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  • Writer's pictureLacy Starling

#103: Breaking Up is Hard to Do

Earlier this year, at my logistics company, we closed a huge customer. A marquee customer. One of the big names in our town.

It took us 10 years—we'd been trying to close this company since we started—so it was cause for a huge celebration. The cold beverages were served, the backs were patted, the bank was told. We were elated to have finally closed what we thought would be a fantastic, long-term customer.

Nine months later, we fired them. We'd moved hundreds of loads for them, and barely made any money. We'd jumped through hoops, waited months for payments, changed our processes to suit their needs, and basically bent over backward to make them happy, only to realize that we were wasting our time, energy, effort and money on a customer that was never going to pay us enough to justify the work we were putting in.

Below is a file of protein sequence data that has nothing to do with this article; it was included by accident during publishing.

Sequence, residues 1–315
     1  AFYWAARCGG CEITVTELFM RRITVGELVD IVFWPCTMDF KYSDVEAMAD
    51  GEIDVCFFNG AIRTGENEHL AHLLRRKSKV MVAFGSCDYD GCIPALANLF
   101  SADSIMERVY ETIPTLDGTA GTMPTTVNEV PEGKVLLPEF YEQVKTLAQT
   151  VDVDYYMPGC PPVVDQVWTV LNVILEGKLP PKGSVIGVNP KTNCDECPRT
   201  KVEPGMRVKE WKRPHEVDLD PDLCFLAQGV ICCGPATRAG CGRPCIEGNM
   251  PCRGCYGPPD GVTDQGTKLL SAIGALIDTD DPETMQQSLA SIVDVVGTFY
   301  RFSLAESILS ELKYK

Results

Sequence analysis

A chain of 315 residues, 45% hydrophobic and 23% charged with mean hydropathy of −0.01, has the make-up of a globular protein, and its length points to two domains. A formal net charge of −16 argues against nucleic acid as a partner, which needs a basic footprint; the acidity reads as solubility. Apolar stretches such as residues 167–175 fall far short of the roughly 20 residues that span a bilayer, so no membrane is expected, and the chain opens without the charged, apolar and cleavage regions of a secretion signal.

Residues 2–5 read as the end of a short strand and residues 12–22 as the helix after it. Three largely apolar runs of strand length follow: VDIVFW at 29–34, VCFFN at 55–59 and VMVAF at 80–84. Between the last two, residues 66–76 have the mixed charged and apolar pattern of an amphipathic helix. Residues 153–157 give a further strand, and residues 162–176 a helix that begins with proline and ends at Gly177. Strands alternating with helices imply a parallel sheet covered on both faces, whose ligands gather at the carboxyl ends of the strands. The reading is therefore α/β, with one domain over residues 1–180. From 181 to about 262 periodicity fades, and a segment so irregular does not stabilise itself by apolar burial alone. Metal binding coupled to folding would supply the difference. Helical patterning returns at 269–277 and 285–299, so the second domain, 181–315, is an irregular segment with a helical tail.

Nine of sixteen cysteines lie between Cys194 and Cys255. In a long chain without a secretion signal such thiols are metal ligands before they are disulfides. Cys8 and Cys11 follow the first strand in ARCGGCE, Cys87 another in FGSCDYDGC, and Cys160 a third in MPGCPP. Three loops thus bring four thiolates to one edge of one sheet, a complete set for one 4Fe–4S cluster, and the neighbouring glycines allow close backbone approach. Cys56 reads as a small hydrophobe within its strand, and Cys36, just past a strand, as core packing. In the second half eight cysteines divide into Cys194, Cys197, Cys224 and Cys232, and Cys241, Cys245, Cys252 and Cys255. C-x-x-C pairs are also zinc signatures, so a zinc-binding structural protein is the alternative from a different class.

It was a hard realization, and we hung on a few months longer than we should have, as everyone inevitably does in these situations. We had the same conversation over and over in our management team meetings, where the ops manager pointed out how many loads we'd moved for close to negative margin, the accounting manager pointed out how far behind they were on their bills, and the one lone holdout kept saying, "But it's BIGCO! We have to work with them!"

But here's the thing. You don't. You don't have to work with BigCo or MegaCorp or Giant, Inc. You don't have to work with anyone. And when you realize that a customer is screwing you around, or costing you money, or taking up all the energy in the room, it's time to break up. (And probably, it's past time to break up.) This is just like breaking up with a bad boyfriend or girlfriend—don't wait for the holidays to be over, or for their grandma to get feeling better, or for them to get that new job they've been after. Just do it.

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